A Virginia first-grader who was shot in class by a 6-year-old student appeared in court Friday as she sought $40 million in damages.
Abby Zwerner is suing Newport News Public Schools for $40 million, accusing the school board of gross negligence.
However, the school board is trying to fend off the lawsuit, arguing that Zwerner’s injuries fall under workers’ compensation and are therefore limited to 10 years’ salary and limited medical benefits.
Zwerner, 26, spent two weeks in the hospital after the January incident in which a bullet hit her hand and chest.
She accuses the school of ignoring warnings that the boy had a gun in his backpack.
Shortly after the shooting, the 6-year-old told a reading specialist who was restraining him, “I shot that (expletive)” and “I got my mom’s gun last night,” the search warrants say.
Abby Zwerner is suing Newport News Public Schools for $40 million, accusing the school board of gross negligence
Zwerner’s lawyers argue that school administrators were grossly negligent and ignored reports that the child had a gun in his backpack
Zwerner, 26, was shot in January by a six-year-old student who then bragged about the incident
Zwerner attended Friday’s hearing before a judge with her left arm still supported by a sling and her left hand wrapped in a thick cloth bandage.
One of her attorneys, Kevin Biniazan, asked the judge to allow Zwerner’s lawsuit to proceed to trial because “no first-grader expects to be shot at work.”
“The particular danger of coming into contact with a firearm is not in the nature of a first-grader’s occupation,” Biniazan said.
But Anne Lahren, an attorney for the school board, said the incident “fully” falls under workers’ compensation because Zwerner was working in her capacity as a teacher.
And Zwerner’s lawsuit focuses on allegations of negligence in her workplace, which also fall under the law, Lahren added.
Robert Samuel, another attorney for the school board, said, “That doesn’t mean Ms. Zwerner won’t receive benefits and will be left out in the cold.”
Newport News District Court Judge Matthew Hoffman said he would rule on the matter next week.
Newport News District Court Judge Matthew Hoffman will decide whether Zwerner’s case should be heard in labor court or criminal court
Zwerner can be seen outside court on Friday, standing next to her lawyers. She didn’t speak
Richneck Elementary School in Newport News, Virginia, where the shooting occurred. Several parents have filed a lawsuit against the school for failing to protect their children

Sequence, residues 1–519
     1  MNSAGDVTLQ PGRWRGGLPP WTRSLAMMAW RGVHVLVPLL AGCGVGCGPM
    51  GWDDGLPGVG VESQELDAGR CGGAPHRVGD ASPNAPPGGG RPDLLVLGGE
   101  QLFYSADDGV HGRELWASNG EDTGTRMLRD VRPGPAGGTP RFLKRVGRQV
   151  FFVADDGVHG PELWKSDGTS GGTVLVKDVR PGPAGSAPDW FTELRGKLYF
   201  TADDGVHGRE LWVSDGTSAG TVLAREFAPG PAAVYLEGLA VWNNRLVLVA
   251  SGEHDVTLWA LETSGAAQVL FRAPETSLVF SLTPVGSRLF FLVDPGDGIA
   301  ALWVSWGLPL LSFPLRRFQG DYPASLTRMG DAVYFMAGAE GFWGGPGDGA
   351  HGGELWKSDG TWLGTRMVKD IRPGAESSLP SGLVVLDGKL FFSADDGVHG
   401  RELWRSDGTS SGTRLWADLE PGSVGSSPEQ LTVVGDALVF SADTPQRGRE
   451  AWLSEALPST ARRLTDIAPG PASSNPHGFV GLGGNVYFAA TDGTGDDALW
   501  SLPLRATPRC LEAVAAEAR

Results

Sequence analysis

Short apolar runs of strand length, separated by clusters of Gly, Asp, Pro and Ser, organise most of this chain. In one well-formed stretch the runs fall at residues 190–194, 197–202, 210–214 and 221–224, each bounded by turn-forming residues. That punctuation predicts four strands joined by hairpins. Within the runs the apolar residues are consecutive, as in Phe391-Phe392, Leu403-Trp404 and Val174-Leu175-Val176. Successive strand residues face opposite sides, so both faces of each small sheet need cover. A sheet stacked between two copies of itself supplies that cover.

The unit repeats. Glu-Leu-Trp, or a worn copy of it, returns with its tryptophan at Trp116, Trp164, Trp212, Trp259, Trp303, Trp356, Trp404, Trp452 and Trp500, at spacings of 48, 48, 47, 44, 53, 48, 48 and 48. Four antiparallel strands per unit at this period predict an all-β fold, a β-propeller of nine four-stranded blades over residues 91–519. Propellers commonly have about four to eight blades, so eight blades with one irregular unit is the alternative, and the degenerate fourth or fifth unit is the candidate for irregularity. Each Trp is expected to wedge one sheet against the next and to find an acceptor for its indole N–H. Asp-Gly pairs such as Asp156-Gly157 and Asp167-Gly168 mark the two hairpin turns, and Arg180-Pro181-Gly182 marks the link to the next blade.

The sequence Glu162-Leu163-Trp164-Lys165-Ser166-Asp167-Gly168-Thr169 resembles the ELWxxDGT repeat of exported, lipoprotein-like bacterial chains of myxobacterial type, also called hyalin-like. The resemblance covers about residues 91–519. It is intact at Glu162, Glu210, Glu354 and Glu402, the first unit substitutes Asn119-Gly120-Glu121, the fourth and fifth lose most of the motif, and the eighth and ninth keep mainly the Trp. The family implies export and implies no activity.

Zwerner was shot as she sat at a reading table in the classroom
He will have to decide whether Zwerner’s allegations can be heard in court or whether they belong before the Workers’ Compensation Commission.
After the hearing, Zwerner stood outside the courtroom with her lawyers.
She declined to answer direct questions from a crowd of reporters, her face hiding her emotions.
“It’s an overwhelming moment for them – I think we have to appreciate it,” Biniazan said.
“Today, in a way, everything is reaching its climax.” As many thoughts and comments as Abby may have, they’re all running around in her head, probably faster than she can articulate them. So I hope you can excuse her for speaking through us.’
Zwerner says the administration ignored multiple warnings that the boy had a gun that day and routinely dismissed ongoing concerns about his troubling behavior.
Legal experts say Zwerner’s lawsuit faces an uphill battle because of Virginia’s unusually strict workers’ compensation law, which covers allegations of negligence.
Meanwhile, the mother of the six-year-old boy who shot Zwerner is still awaiting sentencing on child neglect charges.
Deja Taylor appears in federal court in Virginia Beach, Virginia on June 12th. Your 6-year-old shot his teacher in a classroom
Taylor pleaded guilty in June to using marijuana while in possession of a firearm. Authorities said she lied about her drug use on a federal background check form when she bought the gun that her son took to school
Deja Taylor’s sentencing was scheduled for Friday afternoon but was postponed until December.
Court records show the delay came at the request of both the defense and the prosecution, in part because a guardian ad litem report was not yet available.
In Virginia, a guardian ad litem is appointed to represent the child’s interests in cases alleging neglect.
Taylor, 25, faces up to five years in prison after pleading guilty, although prosecutors will recommend only a six-month sentence as part of a plea deal.
Taylor told police she believed her 9mm handgun was secured with a trigger lock at home. However, authorities said they never found a lock when they searched the home.
Taylor’s son told authorities he climbed a drawer to reach the top of a dresser where the gun was in her purse. He hid the gun in his backpack and then in his pocket before shooting his teacher in front of the class, prosecutors said.
Taylor has separately pleaded guilty to using marijuana while in possession of a gun, which is illegal under U.S. law, and will be sentenced in federal court next month.
A settlement in this case calls for a prison sentence of 18 to 24 months.